I think this is the gripe of many people using generics. I don't quite agree with Sun's statement that if you use a full fledged name then it will confuse with an existing class name or something else. In that case we can start the placeholder name with a dollar like this:

public class HashMap<$Key,$Value> implements Map<$Key,$Value>{}

No one in their sane mind names a class starting with a dollar sign. And a dollar sign also is used to denote a placeholder many templating languages velocity, struts, spring, etc. I think this is the way to go.

I have got more details about this and the reasoning behind not having to use a single letter notation in my blog post if anyone is interested.

http://readsethu.wordpress.com/2012/05/23/a-generic-class-and-why-is-it-confusing/

  • Thanks for your answer. It's been a while since I posted this quesiton. I've found that in Android library, type parameter are named the same way with class name (for example: AsyncTask<Params, Progress, Result>) – Genzer May 26 '12 at 16:21
1

Like Allen before, my advice comes more from C# (which I use extensively since 5 months) than Java (which I played with, but it never went very far...), but I find Java and C# code quite similar in spirit (that is, when compared by, say, C++)

Anyway, when using a C#/Java generic (or a C++ template) on a simple type, I usually use T:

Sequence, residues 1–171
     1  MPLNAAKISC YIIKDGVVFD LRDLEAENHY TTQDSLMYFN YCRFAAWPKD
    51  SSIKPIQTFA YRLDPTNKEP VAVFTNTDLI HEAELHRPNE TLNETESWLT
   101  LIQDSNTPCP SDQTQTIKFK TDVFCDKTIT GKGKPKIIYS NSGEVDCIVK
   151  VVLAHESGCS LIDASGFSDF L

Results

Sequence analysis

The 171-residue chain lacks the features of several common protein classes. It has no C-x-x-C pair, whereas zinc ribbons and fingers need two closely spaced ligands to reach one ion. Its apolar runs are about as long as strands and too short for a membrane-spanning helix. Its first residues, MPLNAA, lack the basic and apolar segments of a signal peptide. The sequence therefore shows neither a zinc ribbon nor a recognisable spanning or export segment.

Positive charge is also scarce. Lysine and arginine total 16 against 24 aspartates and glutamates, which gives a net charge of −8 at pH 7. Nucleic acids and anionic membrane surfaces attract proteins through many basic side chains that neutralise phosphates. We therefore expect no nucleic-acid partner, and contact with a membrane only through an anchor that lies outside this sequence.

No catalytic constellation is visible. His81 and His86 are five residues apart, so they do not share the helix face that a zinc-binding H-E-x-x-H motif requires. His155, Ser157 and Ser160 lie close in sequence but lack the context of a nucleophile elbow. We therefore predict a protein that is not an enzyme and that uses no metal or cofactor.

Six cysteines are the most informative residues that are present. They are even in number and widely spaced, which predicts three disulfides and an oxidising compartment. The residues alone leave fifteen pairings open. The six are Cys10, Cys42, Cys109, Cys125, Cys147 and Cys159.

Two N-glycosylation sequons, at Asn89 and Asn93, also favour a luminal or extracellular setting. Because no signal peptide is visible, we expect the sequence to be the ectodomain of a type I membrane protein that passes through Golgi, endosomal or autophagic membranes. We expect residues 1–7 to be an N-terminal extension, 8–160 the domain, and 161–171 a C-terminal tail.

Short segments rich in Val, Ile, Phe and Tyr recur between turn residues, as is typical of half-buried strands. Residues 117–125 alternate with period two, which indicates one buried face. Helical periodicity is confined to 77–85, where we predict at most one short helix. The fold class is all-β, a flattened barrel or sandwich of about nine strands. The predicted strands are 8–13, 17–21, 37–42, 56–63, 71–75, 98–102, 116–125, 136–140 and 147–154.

// C++
template<typename T>
class MyClass { /* ... */ } ;
// C#
public MyClass<T> { /* etc. */ }
// Java
public MyClass<T> { /* etc. */ }

Usually, the type T goes with the class, so there is no need to describe it more.

But when really describing the type adds to the code clarity, I do it.

Or when I have two or more types in the same generic/template declaration, it helps to make the difference between two types. For example (real life example in C#) :

// C++
template<typename T_Data, typename T_Underlying>
class MyClass { /* ... */ } ;
// C#
public MyClass<T_Data, T_Underlying> { /* etc. */ }
// Java
public MyClass<T_Data, T_Underlying> { /* etc. */ }

This way, it is easy to make the difference between the two typenames in the code, where T and U are, well... kinda anonymous: For those using Visual C++, going in debug inside Dinkumware's STL code, full of T, _U, and other mono-letter typenames can be quite frustrating... I guess the same goes for C# or Java code.

You will note that in each case (C++, Java or C#), I don't follow the convention somewhere in my type namings: The reason is that sometimes, you just have to try something else instead of following the herd, even if in the end, you'll find you're wrong.

In the current case, the violation of naming convention is not critical (there are worst problems in Java than this petty crime), and at the very last, you'll learn personally and exactly WHY it is wrong, instead of quoting old documents.

And if you find in the end you're right, well...

0

I would name type variables similar to types, in camel casing, but prefixed with "_".

public interface FindByNamedQuery
    <_EntityType extends Serialiazble, 
     _ReturnedContainer extends Collections<_EntityType>> 
    extends Command 
{
    _ReturnedContainer executeNamedQuery(String namedQuery);
}
  • If I do not like something in naming conventions, it is naming private fields starting with _, this is the same (just an opinion). – Betlista Oct 11 '13 at 13:48